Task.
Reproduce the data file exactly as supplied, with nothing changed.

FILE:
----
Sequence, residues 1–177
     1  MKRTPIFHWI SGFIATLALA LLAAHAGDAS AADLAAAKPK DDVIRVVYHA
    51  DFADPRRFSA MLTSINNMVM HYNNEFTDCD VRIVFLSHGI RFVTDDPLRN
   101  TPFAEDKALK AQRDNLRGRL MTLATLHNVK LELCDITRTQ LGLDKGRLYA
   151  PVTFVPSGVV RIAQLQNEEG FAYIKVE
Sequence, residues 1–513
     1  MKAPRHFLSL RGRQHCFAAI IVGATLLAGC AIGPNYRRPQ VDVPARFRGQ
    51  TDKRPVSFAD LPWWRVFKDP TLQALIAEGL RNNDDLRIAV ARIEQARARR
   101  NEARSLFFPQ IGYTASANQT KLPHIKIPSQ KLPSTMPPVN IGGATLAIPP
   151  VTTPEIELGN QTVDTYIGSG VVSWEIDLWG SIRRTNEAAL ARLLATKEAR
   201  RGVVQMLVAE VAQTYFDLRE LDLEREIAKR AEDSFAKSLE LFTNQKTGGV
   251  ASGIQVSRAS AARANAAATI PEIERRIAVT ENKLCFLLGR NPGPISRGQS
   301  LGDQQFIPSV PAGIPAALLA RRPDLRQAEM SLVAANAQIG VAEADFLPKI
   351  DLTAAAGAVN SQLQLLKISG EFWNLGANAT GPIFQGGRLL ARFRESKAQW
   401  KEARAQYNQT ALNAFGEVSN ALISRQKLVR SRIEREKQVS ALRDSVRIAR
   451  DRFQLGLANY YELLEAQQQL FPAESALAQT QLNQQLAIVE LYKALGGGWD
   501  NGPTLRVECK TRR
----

Sequence, residues 1–177
     1  MKRTPIFHWI SGFIATLALA LLAAHAGDAS AADLAAAKPK DDVIRVVYHA
    51  DFADPRRFSA MLTSINNMVM HYNNEFTDCD VRIVFLSHGI RFVTDDPLRN
   101  TPFAEDKALK AQRDNLRGRL MTLATLHNVK LELCDITRTQ LGLDKGRLYA
   151  PVTFVPSGVV RIAQLQNEEG FAYIKVE
Sequence, residues 1–513
     1  MKAPRHFLSL RGRQHCFAAI IVGATLLAGC AIGPNYRRPQ VDVPARFRGQ
    51  TDKRPVSFAD LPWWRVFKDP TLQALIAEGL RNNDDLRIAV ARIEQARARR
   101  NEARSLFFPQ IGYTASANQT KLPHIKIPSQ KLPSTMPPVN IGGATLAIPP
   151  VTTPEIELGN QTVDTYIGSG VVSWEIDLWG SIRRTNEAAL ARLLATKEAR
   201  RGVVQMLVAE VAQTYFDLRE LDLEREIAKR AEDSFAKSLE LFTNQKTGGV
   251  ASGIQVSRAS AARANAAATI PEIERRIAVT ENKLCFLLGR NPGPISRGQS
   301  LGDQQFIPSV PAGIPAALLA RRPDLRQAEM SLVAANAQIG VAEADFLPKI
   351  DLTAAAGAVN SQLQLLKISG EFWNLGANAT GPIFQGGRLL ARFRESKAQW
   401  KEARAQYNQT ALNAFGEVSN ALISRQKLVR SRIEREKQVS ALRDSVRIAR
   451  DRFQLGLANY YELLEAQQQL FPAESALAQT QLNQQLAIVE LYKALGGGWD
   501  NGPTLRVECK TRR